The Caring Place: Doing more great things together

Epitomizing Georgetown for 30 years

The recession of the 1980s hit Georgetown hard. It crippled businesses, slashed jobs, and decimated savings.

It also birthed The Caring Place, a nonprofit organization which this month celebrates 30 years of providing basic human needs to people in financial crisis in the Georgetown and northern Williamson County area.

So many people struggled to make ends meet during that economic downturn that they overwhelmed churches with their need for help with food, clothing, rent, and utilities. Under the auspices of the Georgetown Ministerial Alliance, 11 churches formed The Caring Place (TCP). With far more faith and heart than resources, they opened their doors on June 8, 1985, with three bags of clothing, a handful of volunteers, and $17.

Since then, Georgetown citizens, businesses, organizations, and churches have continued taking care of their own with such generosity that TCP has expanded seven times and has operated in its 29,374-square-foot office space and warehouse and the 6,700-square-foot Annex across the street since 2013. In 2014, TCP provided services valued at almost $1.6 million to 5,407 individuals through the efforts of 19 full-time staff, more than 500 volunteers, and a community of huge hearts.

“There’s not a day that I am not in awe of what happens here in every aspect of the organization and how incredibly it happens,” said Ginna O’Connor, TCP executive director.

Meeting Specific Needs

Services include financial and transportation assistance, vouchers for the food pantry and The Shops at The Caring Place, medical case management, seasonal programs, and space for community classes and seminars. Most clients are experiencing an emergency situation. Some are elderly or disabled individuals on a fixed income. Others attend classes and seminars that promote self-sufficiency.

All are treated with respect.

The intake process starts with a look at the individual’s financial status, to be sure, but it also includes a personalized interview that allows the client to be heard and to provide a holistic view of the situation. The client advocate then helps develop a plan for how TCP can help fill the gaps until the crisis passes.

“We look at each family or individual as a unique situation,” says Pam Robers, client services director. “We don’t try to fit them into our resources—providing them food if they need help with rent, for example—and we look across the breadth of what they may be needing and customize what we can do for them.”

Those who need food or clothing receive vouchers to the food pantry and the store, where they can choose what they want to eat and wear rather than receiving preselected items.

“We don’t try to decide what clothing they want or what food best fits their eating style,” Robers says. “It acknowledges people’s independence of choice, and it respects their dignity.”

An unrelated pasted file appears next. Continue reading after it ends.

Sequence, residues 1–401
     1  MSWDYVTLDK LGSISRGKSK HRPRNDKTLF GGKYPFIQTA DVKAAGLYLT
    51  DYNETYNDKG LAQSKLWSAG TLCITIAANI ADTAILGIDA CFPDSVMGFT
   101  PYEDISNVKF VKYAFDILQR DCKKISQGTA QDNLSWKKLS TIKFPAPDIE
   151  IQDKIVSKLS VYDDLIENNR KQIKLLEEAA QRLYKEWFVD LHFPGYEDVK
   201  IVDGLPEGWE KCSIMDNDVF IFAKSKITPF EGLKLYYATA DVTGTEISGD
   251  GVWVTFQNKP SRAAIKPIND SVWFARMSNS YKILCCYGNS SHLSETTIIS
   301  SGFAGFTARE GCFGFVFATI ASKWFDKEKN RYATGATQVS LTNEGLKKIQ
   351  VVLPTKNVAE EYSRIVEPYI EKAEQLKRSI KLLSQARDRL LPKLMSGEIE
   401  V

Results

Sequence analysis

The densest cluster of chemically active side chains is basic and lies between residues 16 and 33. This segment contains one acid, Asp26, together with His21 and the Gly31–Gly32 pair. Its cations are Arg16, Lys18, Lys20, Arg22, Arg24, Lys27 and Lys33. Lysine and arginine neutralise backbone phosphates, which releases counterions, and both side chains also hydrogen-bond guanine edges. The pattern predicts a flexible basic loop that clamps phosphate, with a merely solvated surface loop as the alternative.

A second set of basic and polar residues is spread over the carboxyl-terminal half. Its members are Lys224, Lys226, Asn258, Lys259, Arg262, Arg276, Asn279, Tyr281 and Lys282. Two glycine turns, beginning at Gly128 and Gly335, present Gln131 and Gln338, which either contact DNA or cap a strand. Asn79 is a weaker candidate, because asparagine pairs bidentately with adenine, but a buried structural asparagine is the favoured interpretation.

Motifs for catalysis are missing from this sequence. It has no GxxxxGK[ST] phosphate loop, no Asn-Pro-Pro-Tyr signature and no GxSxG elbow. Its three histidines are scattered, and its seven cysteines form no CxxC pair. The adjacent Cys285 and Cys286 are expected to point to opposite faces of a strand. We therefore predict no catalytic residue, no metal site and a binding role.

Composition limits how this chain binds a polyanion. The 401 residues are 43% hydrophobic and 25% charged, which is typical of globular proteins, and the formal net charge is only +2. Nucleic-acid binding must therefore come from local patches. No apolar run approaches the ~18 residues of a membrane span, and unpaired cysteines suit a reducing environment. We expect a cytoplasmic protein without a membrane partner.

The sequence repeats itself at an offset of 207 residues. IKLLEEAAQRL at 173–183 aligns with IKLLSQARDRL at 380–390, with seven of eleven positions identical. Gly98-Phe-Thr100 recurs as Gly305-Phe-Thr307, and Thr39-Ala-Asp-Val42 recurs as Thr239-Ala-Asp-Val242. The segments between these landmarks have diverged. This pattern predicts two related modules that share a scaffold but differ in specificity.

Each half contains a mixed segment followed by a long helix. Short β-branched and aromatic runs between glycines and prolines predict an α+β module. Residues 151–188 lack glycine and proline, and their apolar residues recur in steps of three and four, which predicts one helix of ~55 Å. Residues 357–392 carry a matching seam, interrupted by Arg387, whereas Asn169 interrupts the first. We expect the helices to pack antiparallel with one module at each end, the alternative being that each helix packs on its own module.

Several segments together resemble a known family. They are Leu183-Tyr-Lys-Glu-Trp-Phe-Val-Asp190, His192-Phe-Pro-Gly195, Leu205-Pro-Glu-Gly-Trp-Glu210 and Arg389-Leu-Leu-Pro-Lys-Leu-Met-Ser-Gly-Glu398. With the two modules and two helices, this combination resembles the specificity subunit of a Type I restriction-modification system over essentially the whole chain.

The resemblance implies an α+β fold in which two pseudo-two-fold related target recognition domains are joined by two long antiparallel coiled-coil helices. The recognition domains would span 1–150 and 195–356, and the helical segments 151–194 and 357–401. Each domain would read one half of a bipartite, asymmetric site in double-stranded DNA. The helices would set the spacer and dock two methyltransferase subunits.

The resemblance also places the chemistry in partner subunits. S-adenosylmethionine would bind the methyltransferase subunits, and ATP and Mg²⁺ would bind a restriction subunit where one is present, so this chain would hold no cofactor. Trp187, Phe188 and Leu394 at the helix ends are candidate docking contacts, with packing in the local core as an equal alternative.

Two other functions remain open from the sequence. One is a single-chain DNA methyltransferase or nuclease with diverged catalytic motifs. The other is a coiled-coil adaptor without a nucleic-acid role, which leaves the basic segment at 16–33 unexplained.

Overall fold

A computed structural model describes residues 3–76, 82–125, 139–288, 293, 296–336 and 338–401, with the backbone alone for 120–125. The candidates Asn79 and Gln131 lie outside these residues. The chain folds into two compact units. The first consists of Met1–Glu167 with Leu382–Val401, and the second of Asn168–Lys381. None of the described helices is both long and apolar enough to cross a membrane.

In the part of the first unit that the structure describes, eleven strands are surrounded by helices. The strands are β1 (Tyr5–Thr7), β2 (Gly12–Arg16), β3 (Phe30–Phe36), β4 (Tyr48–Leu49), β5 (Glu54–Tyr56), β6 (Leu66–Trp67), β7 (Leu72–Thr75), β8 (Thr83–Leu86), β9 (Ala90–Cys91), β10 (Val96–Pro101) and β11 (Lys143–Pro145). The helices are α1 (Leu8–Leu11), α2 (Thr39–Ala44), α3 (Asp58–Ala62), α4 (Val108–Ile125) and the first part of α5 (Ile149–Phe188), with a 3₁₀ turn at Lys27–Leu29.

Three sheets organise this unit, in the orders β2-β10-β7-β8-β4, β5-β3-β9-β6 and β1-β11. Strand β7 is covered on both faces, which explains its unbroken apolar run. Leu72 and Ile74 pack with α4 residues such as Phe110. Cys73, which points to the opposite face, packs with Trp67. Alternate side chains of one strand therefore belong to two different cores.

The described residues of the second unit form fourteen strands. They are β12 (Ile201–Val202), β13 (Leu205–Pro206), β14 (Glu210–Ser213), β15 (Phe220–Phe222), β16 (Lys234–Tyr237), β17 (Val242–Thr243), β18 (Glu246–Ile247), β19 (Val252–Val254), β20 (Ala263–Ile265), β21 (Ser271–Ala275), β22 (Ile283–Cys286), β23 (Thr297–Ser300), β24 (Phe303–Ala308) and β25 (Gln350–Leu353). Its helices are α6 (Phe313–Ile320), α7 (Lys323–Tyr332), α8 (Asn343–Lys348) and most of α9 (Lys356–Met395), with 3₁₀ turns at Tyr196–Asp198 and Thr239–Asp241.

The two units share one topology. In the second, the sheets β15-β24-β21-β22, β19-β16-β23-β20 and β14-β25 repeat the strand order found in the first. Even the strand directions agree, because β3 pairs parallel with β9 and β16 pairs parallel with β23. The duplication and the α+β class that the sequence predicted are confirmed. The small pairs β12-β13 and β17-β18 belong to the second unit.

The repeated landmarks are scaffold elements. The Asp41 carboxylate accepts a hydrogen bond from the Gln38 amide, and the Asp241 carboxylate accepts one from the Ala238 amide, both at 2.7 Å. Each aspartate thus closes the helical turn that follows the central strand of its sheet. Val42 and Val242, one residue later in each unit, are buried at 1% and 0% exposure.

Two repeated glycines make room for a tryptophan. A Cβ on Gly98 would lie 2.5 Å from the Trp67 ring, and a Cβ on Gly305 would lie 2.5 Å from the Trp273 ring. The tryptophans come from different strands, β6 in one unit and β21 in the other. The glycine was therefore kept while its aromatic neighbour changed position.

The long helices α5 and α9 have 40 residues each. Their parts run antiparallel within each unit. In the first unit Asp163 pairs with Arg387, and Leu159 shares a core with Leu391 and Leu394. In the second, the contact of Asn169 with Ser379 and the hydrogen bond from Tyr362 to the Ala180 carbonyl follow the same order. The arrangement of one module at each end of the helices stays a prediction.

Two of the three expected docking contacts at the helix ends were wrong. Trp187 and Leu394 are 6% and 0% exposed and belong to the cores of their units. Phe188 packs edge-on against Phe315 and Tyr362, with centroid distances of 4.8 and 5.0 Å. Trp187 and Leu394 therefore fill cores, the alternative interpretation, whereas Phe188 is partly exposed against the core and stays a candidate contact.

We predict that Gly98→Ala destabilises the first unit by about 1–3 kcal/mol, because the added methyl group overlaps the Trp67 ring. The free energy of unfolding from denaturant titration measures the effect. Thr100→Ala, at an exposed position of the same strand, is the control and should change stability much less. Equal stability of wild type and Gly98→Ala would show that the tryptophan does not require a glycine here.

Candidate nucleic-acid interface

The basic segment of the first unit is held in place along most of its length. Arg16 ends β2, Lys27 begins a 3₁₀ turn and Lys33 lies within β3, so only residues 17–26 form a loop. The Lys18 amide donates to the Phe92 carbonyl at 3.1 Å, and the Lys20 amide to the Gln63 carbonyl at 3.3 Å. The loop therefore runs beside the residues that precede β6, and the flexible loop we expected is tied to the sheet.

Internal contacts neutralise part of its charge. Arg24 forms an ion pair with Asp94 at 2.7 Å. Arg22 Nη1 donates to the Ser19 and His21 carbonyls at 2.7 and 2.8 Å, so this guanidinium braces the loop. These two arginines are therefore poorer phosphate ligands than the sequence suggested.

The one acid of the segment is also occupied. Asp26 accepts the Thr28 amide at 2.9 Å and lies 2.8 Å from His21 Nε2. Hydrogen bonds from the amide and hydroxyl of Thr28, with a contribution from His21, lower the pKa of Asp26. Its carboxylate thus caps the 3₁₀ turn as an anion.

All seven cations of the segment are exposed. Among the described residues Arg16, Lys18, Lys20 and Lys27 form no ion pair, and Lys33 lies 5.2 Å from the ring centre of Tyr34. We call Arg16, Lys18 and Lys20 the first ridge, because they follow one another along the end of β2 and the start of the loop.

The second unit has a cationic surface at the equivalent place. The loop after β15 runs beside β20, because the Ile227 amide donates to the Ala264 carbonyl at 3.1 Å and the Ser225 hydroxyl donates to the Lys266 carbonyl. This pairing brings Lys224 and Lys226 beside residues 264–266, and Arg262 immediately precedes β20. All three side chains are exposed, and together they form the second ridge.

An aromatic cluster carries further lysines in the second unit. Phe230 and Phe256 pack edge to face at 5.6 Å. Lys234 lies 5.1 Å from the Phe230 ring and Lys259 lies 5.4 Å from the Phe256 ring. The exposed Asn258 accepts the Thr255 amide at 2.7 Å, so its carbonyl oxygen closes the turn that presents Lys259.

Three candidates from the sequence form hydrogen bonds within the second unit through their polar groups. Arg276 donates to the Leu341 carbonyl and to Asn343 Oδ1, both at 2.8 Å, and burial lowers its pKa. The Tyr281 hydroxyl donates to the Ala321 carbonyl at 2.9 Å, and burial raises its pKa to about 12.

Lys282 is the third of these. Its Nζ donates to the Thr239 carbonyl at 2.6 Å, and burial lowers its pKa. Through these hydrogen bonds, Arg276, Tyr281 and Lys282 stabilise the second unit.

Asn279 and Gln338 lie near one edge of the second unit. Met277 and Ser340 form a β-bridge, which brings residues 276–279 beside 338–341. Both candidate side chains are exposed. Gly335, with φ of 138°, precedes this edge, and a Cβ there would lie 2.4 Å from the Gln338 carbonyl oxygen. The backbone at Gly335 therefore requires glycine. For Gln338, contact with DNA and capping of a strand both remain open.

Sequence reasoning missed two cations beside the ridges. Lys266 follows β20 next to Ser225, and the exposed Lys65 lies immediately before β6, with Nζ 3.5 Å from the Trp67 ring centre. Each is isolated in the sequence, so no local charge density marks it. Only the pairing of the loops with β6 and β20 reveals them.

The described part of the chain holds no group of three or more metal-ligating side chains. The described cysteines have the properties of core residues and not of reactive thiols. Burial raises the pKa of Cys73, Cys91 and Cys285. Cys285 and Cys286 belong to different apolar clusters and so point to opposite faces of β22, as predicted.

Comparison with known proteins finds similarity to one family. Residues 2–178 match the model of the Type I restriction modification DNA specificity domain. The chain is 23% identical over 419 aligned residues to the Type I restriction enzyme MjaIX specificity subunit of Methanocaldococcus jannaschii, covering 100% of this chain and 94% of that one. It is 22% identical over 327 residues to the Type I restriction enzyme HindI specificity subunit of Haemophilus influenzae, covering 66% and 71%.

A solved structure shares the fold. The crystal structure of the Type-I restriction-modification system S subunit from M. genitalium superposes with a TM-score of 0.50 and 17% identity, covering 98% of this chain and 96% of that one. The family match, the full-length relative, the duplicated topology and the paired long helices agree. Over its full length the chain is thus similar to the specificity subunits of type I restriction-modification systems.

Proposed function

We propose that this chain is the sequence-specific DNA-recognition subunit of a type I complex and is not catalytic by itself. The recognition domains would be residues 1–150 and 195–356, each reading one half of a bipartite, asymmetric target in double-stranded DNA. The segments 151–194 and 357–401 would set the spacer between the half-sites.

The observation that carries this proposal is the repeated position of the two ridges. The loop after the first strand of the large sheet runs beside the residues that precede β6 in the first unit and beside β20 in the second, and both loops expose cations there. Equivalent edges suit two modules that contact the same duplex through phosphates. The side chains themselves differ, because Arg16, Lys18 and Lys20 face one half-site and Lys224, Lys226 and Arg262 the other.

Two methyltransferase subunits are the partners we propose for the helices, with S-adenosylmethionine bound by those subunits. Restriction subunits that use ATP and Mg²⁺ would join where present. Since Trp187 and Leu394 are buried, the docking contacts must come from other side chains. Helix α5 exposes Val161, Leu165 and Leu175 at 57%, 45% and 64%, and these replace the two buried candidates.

Valuing Donations

It also increases the likelihood that the food and clothing will be used. Stewardship is a guiding philosophy at TCP. From the moment donated items arrive, they are treated with the same care as the clients, which is one reason TCP has been voted Best Place to Volunteer/Give in Georgetown for four consecutive years.

“Those donations are just as valuable as financial donations, so we handle them with respect and display them in the store very well,” says David Earl, donations and facilities director.

Each item passes an extensive evaluation before it reaches the store’s floor. Volunteers do everything from inspecting articles of clothing, to assembling stereo equipment to ensure it works, to cleaning and appraising jewelry.

“I’ve seen donations in antiques and collectibles go through the roof,” says store director Ann Lind, “because people know that we will care for them, we can market them, and we will realize the revenue from them.”

TCP even repurposes clothing that doesn’t pass inspection, selling it to a Dallas company that then sells it primarily to third-world thrift stores.

But not every donated item can be sold, such as torn or damaged clothes, broken electronics or furniture, scratched or chipped kitchenware, and mattresses and box springs. Though TCP recycles as much as possible, the cost disposing of such items is a considerable expense.

Relying on Volunteers

Volunteers are the literal hands and feet of the organization every day. Six to eight meet with clients. A dozen or more stock and staff the food pantry, and more than 70 inspect and price merchandise. “We cannot perform our daily operations without volunteers,” O’Connor says. “It simply would be impossible.”

O’Connor grasps why the community volunteered 56,765 hours last year and donated new and gently used items that brought in more than $1.4 million: the mission. “When I ask volunteers why they are here, they reply, ‘Because we’re helping people.’ Our staff also does a wonderful job empowering them to do what they do, to do it well, and to have fun in a welcoming environment.”

The best three words to describe Georgetown just might be The Caring Place.

This flowchart illustrates the journey of clothing donated to the Caring Place


Emergency financial assistance

Food programs

Clothing and basic household items vouchers

Seasonal programs (coats, fans, holiday meals)

Minor home repair and upgrades



The Shops at The Caring Place

Fabulous Finds: general merchandise

Re-Finds Antiques: antiques and collectibles

The Boutique: finer clothing and accessories

Outdoors and More: lawn, garden, and sporting equipment; major appliances

Hours and Contact Information

Monday, Tuesday, Wednesday, Friday: 9 a.m.–4 p.m.

Thursday: 9 a.m.–7 p.m.


2000 Railroad Street

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